National Council for Palliative Care (2007) Progress with dementia – moving forward: Addressing palliative care for people with dementia. London: NCPC.
National Council for Palliative Care (2005) Exploring palliative care for people with dementia. London: NCPC.
Pace, V., Treloer, A. and Scott, S. (2011) Dementia: From advanced disease to bereavement. Oxford: Oxford University Press.
Useful links Open
Care of dying adults in the last days of life
This December 2015 guideline from NICE (NG31) covers a range of issues, including communication and shared decision-making, as well as hydration and managing common symptoms, in the last two to three days of life.
Dementia and end of life planning
This information on the NHS Choices website presents information on care at home, hospice care and palliative care for people with dementia and includes a five-minute video on palliative care at home for people with dementia.
Difficult conversations: making it easier to talk to people with dementia about the end of life
The National Council for Palliative Care (NCPC) and the Dying Matters Coalition produced this booklet to help both professionals and carers of people with dementia to open up conversations about end of life wishes, particularly early in the dementia process. The booklet is available to download from the NCPC or Dying Matters Coalition website for a small charge.
End of life care for people with dementia living in care homes
This 2012 research briefing from SCIE looked at this issue from a range of perspectives, including people with dementia, family carers and care home staff, and found that more research and support is needed in this area.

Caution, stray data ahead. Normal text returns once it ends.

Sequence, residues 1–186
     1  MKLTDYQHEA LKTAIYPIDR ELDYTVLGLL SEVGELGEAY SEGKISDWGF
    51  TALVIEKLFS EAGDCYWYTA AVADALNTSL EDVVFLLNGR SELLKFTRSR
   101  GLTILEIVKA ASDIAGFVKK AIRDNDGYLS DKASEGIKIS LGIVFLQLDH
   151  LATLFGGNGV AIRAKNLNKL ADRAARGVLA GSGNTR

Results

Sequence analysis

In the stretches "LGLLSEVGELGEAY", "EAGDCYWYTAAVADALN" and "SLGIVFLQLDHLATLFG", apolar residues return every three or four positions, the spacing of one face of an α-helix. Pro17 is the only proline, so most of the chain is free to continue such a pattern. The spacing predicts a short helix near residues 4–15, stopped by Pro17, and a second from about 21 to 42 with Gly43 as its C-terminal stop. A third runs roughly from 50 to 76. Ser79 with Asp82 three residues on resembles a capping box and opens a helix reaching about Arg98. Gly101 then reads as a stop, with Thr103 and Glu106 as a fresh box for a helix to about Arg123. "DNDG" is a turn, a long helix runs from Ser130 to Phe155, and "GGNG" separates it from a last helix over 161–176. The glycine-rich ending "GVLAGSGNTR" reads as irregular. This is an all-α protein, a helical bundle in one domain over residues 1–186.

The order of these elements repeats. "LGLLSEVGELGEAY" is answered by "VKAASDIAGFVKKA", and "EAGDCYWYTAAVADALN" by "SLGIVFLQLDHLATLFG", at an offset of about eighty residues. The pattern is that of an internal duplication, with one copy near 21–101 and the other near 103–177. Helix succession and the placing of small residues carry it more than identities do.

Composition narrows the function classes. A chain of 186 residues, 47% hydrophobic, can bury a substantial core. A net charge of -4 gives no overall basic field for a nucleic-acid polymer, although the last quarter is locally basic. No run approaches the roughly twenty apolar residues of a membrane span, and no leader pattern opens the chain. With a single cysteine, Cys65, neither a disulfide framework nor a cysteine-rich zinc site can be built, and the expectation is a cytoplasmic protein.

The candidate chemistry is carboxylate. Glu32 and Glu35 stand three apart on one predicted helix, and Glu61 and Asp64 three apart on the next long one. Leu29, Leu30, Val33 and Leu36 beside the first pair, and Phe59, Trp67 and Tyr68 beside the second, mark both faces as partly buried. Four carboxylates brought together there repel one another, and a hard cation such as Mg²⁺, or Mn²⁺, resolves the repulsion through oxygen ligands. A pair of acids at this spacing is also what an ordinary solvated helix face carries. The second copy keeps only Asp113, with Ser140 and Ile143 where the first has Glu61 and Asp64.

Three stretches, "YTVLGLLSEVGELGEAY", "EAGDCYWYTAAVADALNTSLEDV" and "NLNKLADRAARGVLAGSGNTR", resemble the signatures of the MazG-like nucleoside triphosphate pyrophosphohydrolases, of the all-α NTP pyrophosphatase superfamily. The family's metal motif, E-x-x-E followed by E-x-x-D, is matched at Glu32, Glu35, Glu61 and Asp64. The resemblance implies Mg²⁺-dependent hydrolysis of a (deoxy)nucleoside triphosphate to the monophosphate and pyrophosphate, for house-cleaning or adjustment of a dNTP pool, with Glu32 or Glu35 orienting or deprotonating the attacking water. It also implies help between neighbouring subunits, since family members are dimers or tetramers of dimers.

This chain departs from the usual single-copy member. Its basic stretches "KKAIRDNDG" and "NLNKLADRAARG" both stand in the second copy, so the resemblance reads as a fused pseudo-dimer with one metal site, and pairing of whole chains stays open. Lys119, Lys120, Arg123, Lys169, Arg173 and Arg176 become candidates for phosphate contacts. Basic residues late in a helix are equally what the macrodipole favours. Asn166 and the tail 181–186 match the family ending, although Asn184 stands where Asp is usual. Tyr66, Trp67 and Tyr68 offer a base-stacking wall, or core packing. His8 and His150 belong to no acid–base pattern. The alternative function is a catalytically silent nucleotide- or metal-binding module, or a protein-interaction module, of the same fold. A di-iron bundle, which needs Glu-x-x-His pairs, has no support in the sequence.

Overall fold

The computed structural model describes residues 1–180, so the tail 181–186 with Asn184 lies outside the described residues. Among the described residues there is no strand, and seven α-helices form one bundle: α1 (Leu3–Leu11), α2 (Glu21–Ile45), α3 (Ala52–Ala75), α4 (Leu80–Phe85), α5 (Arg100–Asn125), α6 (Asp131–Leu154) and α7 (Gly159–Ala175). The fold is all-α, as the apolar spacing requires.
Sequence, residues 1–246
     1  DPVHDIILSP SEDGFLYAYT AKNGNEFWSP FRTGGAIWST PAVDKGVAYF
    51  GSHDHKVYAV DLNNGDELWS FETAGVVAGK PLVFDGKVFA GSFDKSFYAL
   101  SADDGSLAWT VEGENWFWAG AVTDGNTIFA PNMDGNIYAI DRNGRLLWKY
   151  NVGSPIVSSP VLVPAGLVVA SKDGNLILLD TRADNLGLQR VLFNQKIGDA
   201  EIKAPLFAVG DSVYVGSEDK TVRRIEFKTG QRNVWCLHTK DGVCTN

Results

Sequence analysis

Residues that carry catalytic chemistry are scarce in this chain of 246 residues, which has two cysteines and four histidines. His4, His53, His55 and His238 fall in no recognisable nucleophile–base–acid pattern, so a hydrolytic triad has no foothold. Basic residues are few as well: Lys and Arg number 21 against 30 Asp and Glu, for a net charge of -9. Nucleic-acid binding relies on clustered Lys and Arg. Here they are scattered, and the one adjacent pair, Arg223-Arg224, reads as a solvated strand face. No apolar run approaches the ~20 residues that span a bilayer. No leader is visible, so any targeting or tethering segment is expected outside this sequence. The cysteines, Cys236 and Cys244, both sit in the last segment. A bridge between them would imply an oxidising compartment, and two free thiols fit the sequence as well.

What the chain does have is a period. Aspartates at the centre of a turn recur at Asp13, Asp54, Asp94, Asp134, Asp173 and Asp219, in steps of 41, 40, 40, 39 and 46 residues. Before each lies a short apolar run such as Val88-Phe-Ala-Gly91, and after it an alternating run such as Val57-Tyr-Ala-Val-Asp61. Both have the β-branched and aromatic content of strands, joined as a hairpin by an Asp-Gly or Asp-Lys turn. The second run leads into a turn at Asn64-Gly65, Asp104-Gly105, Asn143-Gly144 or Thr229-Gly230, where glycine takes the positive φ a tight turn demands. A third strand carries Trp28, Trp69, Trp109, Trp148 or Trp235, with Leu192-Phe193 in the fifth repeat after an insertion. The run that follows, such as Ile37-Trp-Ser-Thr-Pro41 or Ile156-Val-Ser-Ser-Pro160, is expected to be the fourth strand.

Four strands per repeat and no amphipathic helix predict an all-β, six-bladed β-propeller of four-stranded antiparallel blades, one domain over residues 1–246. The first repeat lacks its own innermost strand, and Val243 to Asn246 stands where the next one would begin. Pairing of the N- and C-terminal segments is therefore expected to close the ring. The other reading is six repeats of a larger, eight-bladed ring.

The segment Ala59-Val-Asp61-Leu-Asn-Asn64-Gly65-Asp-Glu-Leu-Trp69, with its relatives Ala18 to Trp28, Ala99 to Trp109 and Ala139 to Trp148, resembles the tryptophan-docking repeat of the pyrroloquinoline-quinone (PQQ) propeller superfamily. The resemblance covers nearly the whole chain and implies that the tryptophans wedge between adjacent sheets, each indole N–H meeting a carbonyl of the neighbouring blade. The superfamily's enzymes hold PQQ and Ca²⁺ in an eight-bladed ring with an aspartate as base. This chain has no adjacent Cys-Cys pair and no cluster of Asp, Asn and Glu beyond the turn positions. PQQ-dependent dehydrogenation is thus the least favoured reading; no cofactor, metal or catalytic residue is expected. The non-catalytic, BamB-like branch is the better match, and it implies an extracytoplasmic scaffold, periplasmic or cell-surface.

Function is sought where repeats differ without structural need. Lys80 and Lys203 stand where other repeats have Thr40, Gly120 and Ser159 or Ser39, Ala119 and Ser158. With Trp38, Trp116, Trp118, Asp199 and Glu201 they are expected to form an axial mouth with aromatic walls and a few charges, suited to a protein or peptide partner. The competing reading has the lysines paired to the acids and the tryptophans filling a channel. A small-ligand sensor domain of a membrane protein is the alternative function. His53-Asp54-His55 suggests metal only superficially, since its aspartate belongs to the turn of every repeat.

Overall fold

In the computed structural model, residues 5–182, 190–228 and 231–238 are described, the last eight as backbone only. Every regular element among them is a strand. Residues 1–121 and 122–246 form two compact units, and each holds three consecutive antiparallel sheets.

Identifying pain in people with dementia
The pharmaceutical company NAPP ran a campaign during 2014 called ‘See Change: Think Pain’ in which promoted awareness about the importance of identifying and responding to pain in people living with dementia. NAPP has developed a range of resources to support the campaign, including 10 videos, a booklet for care staff, a booklet for family carers, a poster, and a report of a major survey of care homes on the issue of pain in people living with dementia.
Living and dying with dementia in England
This 2014 joint report from Marie Curie and Alzheimer’s Society investigates the barriers to people with dementia receiving good end of life care in England.
Time to talk?
This leaflet put out by the Dying Matters Coalition looks at how to start conversations with people with dementia about end of life care, and it covers ‘What to talk about’ and ‘What happens if you don’t talk’, and ‘When to talk’.
Dementia end of life care: special interest group (SIG)
A new network run by Dementia UK and Hospice UK provides an interactive forum for practitioners with an interest in dementia end of life care. The group meets regularly and summaries from the meetings can be downloaded from the Hospice UK website.
Related pages from this section Open